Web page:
This is the story of a woman's life, her marriage and the bonds that tie her to her two boys. When the marriage ends she battles to keep her children, while trying to sustain an emotional life of her own and to earn a living. Her boys grow older, but they are still the centre of her life.
Frank Conroy first visited Nantucket with a gang of college friends in 1955. They came on a whim, and for Conroy it was the beginning of a lifelong love affair with this "small, relaxed oasis in the ocean." This book, part travel diary, part memoir, is a hauntingly evocative and personal journey through Nantucket: its sweeping dunes, rugged moors, remote beaches, secret fishing spots, and hidden forests and cranberry bogs.
The death of her mother in 1813, brings added responsibility to 17-year-old Anna Mason. A self-confident girl, she has to shed her girlhood sooner than she would have expected as she assumes many of her mother's tasks in running the household of Hawkshead Manor. Julian Kirby, a family friend, is entranced by Anna but she doesn't feel she is able to return his affections while her father remains so devastated by his wife's death.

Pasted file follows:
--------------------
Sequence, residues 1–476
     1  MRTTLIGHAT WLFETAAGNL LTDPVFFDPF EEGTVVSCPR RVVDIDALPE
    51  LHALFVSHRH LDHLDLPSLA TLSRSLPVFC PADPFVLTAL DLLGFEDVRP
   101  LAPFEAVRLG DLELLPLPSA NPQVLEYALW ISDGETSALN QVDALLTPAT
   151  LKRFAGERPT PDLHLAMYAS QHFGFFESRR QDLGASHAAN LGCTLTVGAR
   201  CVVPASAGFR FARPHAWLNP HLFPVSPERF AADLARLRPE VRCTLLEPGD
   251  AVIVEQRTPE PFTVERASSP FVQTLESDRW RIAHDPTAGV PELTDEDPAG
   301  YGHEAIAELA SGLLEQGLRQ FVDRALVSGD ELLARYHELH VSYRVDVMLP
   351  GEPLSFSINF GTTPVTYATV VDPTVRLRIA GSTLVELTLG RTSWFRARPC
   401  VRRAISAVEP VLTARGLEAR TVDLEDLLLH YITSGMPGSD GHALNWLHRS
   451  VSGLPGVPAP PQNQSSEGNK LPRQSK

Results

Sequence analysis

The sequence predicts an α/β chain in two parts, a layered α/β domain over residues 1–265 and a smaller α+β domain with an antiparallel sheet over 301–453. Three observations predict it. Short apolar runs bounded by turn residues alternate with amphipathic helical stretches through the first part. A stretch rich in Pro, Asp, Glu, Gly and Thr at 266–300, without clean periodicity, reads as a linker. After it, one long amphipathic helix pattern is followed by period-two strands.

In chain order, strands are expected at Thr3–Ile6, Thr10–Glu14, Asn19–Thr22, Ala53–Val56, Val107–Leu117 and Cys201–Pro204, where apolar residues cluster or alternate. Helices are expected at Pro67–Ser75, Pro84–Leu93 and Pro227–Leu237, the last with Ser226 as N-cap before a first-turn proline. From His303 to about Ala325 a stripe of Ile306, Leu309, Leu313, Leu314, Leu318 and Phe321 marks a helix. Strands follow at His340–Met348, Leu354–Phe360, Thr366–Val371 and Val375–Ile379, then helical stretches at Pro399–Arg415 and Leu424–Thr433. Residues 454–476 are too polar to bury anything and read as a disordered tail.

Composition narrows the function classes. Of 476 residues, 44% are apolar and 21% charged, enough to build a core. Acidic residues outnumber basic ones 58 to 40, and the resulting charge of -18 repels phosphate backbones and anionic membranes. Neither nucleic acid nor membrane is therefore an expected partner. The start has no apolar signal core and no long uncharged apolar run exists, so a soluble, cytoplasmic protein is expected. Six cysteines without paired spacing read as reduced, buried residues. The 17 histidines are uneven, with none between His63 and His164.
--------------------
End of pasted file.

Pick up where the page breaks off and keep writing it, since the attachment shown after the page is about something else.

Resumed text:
"5 Years After Nuclear Disaster, Fukushima Keeps Fighting Radioactive Tide" is from the March 10, 2016 World section of The New York Times. It was written by Jonathan Soble and narrated by Caroline Miller.
"Wonderful Insite from an Islander"
In the years since the Event, the Republic of Nantucket has done its best to re-create the better ideas of the modern age. But the evils of its time resurface in the person of William Walker, renegade Coast Guard officer, who is busy building an empire for himself based on conquest by technology.
When Walker reaches Greece and recruits several of their greater kinglets to his cause, the people of Nantucket have no choice.
"I've Finished the entire series"
Try, fail, try again, win small, win a bit bigger, dig deeper inside...and do more than you ever imagined you could! Maybe you thought you'd wait to tackle your passion when you had more self-confidence. Do the work, accomplish something and, voila, you'll gain that confidence. Marva Collins doesn't advise parents, kids, and teachers to wait for self-confidence, or to believe success is an entitlement. Self-esteem is overrated: it's about effort.